Do you keep good copies, like photos of them?
I’m not as good as I should be, no. I get all the stuff shot at the gallery but the commissions, I’m horrible with. There’s a lot of commissions I have no pictures of.
I was wondering about how does people take a good photo of art? It’s just that I’ve never been able to do it. There must be some trick.
I don’t do it.
Like a special broom.
Michael Paulus does it for me.
I’ve been trying to get him to be on the show but he won’t of course.
Yeah, he told me he wouldn’t.
Of course.
He says he doesn’t do art. He’s against art. I asked him to go to a show with me next Saturday. He said, “I don’t go to art shows.”
He doesn’t do art?
No, he doesn’t do art. He’s throwing it out. He’s against it. Art doesn’t love him back so he’s done.
Interesting. If someone is interested in your stuff, where would they find it online?
I don’t really have anything for sale online anymore. You kind of just have to email me. Trish@trishgrantham.
Trish@trishgrantham. Or they could visit trishgrantham.com?
Yeah, I mainly just do commissions these days.
Do you have any …
I mean I guess I do have stuff for sale at the gallery, at the Augen, A-U-G-E-N, Augen Gallery.

art-gallery

A couple gallery pieces.

Is that in downtown? That’s not the one in the …
It’s next to the Contemporary Craft Museum.
Got it. That’s kind of near us, I think. We’re in Old Town. Is that kind of near Old Town?
Yes, Broadway and Davis.
Do you know about your little thing coming up tomorrow?
No.
We’re having, we’re serving espresso for first Thursday.
Where? Oh, at your place.
Our office. Yeah, at the White Stag.
You’re having the first Thursday there?
It’s like from 5 to 6:30. It’s like a pregame.
I didn’t even know tomorrow was first Thursday.
Are there any projects you’re working on that you can tell our listeners about?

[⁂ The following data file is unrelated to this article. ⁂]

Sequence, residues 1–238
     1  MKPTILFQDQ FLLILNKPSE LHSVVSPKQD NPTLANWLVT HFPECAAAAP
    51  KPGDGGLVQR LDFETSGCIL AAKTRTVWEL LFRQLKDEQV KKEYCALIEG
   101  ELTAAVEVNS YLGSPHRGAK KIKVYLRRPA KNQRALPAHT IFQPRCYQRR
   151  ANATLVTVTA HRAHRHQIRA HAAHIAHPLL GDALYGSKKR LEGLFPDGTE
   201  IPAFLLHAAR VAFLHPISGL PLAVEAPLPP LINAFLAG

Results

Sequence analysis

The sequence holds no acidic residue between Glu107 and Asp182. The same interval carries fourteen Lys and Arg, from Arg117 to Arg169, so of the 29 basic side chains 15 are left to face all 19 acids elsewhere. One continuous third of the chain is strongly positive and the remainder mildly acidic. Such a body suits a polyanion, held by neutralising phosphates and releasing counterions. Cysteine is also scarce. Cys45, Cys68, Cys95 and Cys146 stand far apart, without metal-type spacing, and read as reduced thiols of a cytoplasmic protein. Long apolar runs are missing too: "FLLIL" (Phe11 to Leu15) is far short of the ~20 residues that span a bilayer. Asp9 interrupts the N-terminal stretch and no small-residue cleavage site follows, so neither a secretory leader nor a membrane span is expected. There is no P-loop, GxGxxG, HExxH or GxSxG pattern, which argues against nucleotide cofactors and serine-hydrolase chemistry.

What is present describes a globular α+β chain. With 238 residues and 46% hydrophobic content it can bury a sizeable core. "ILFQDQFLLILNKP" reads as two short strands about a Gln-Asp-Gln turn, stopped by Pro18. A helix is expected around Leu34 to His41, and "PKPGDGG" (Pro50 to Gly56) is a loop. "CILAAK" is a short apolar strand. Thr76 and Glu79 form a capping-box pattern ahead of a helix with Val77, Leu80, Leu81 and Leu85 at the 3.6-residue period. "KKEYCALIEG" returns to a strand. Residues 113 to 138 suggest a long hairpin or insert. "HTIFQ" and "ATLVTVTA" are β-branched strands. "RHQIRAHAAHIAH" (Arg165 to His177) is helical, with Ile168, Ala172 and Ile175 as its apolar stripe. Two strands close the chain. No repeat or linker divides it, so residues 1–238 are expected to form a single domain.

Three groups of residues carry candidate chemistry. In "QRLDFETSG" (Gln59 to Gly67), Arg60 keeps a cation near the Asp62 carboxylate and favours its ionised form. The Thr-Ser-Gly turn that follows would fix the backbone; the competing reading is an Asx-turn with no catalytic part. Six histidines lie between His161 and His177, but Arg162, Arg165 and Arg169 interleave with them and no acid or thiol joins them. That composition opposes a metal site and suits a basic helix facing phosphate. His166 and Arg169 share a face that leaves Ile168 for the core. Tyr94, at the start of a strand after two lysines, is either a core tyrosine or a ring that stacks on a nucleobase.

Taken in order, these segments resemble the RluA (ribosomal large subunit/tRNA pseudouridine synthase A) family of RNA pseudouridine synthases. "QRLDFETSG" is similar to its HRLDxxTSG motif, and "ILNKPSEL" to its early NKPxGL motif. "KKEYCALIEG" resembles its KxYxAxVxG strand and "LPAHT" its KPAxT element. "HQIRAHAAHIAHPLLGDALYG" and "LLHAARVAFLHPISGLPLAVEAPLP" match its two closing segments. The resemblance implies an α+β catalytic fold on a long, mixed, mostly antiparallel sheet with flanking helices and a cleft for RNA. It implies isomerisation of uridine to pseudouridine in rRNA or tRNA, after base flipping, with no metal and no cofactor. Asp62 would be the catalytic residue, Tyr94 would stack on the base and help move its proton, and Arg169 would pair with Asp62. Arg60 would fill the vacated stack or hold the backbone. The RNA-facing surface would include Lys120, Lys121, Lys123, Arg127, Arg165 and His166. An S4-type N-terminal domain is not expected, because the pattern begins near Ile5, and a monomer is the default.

Well, I have a few things going on but nothing is … my house is coming out in Cottages and Bungalows in June. I think like a 5-page spread cover and all that. It will be fun. Then I don’t know. I have some works, things going on under the … like a big project that’s manifesting but I can’t talk about it.

b-c-spreads

A few spreads from Cottages and Bungalows of Trish’s home.

I understand. You signed a nondisclosure and whatnot.
I’m excited about it.
Tell me this, you have been a professional artist for 13 years now.
Ish. I mean, yeah, part of that was learning. I mean I was still waiting tables. I quit waiting tables a decade ago.
We’ll say 10 years.
I’ll say 10.
Where do you see yourself in 10 more years?
I want to just be like you know, a Pacific Northwest artist that does stuff. I don’t know. I don’t see a lot changing except for maybe I see myself becoming more iconic, I hope. I just got put in the 100 Artists of Pacific Northwest Coffee Table Book so that’s exciting.
Nice.
Yeah.
Is that out now?
It came out two days ago.
Exciting.
That’s kind of cool. I felt like, “Wow. I’m really a Pacific Northwesterner now.”
That’s great. Where do you get that? Like Powell’s.
Yeah. Or Amazon or whatever.
Cool.
That’s cool. No, I just want to grow old and paint and evolve.
Have you ever considered doing like a book of your own?
Yeah, that’s in the works with the gallery. I think I might be coming out with a coffee table book of my work which I’m having trouble with all the photographs that you mentioned earlier. Some of them are good, some of them aren’t.
Yeah, if you ever want to shoot any of the old ones here, like retrospective.
Yeah, that’s true.
That’s not my phone.
It could be mine, sorry.
You’re on the book now. The phone’s really ringing off the hook.
Right.
All right. Well, Trish Grantham …